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Great Expectations Quotes GCSE English Literature
Great Expectations quotes taken from Shmoop
Terms in this set (32)
"I had heard of Miss Havisham up town—everybody for miles round, had heard of Miss Havisham up town—as an immensely rich and grim lady who lived in a large and dismal house barricaded against robbers, and who led a life of seclusion."
SOCIETY AND CLASS - Pip's hometown is socially stratified. He lives in the "village," and Miss Havisham lives "up town." This delineation between the wealthy and working class in Kent is palpable and is reinforced by the gate that guards Miss Havisham's decaying riches. Also, notice that great privilege is closely linked to loneliness.
"I wished Joe had been rather more genteelly brought up, and then I should have been so too."
SOCIETY AND CLASS // PIP // AMBITION // REGRET - Pip is socially ambitious, but is also so obnoxious that he holds other people responsible for his own misfortunes.
"I took the opportunity of being alone in the court-yard, to look at my coarse hands and my common boots."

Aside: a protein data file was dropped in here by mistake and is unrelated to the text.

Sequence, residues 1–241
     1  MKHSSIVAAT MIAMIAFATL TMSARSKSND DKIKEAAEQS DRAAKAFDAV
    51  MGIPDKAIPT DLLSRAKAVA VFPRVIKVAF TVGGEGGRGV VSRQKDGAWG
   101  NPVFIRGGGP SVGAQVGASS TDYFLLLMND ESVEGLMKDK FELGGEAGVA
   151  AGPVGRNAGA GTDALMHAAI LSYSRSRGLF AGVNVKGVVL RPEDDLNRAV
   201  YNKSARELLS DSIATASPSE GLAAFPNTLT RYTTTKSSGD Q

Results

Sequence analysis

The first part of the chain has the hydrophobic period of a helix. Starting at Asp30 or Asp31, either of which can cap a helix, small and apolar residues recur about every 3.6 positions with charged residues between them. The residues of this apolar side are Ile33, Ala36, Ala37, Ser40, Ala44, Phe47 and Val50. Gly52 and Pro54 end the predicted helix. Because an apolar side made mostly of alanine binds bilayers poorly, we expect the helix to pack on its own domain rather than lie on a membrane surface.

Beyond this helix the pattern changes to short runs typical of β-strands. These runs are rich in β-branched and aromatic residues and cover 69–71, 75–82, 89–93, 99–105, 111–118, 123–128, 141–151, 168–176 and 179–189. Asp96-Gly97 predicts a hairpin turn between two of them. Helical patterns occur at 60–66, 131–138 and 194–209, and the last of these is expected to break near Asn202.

SOCIETY AND CLASS // PIP // AMBITION // REGRET // PIP'S RELATIONSHIP WITH ESTELLA
"So, leaving word with the shopman on what day I was wanted at Miss Havisham's again, I set off on the four-mile walk to our forge; pondering, as I went along, on all I had seen, and deeply revolving that I was a common labouring-boy; that my hands were coarse; that my boots were thick; that I had fallen into a despicable habit of calling knaves Jacks; that I was much more ignorant than I had considered myself last night, and generally that I was in a low-lived bad way."
SOCIETY AND CLASS // AMBITION // PIP - Pip never seems to think that his world might be better or nobler than theirs. He instantly thinks that the way of life at Satis House is better than his, just because of the way life there looks. Dickens presents the idea that appearances do not always accurately represent reality - he also does this through the way he describes clothes (see joe quote below)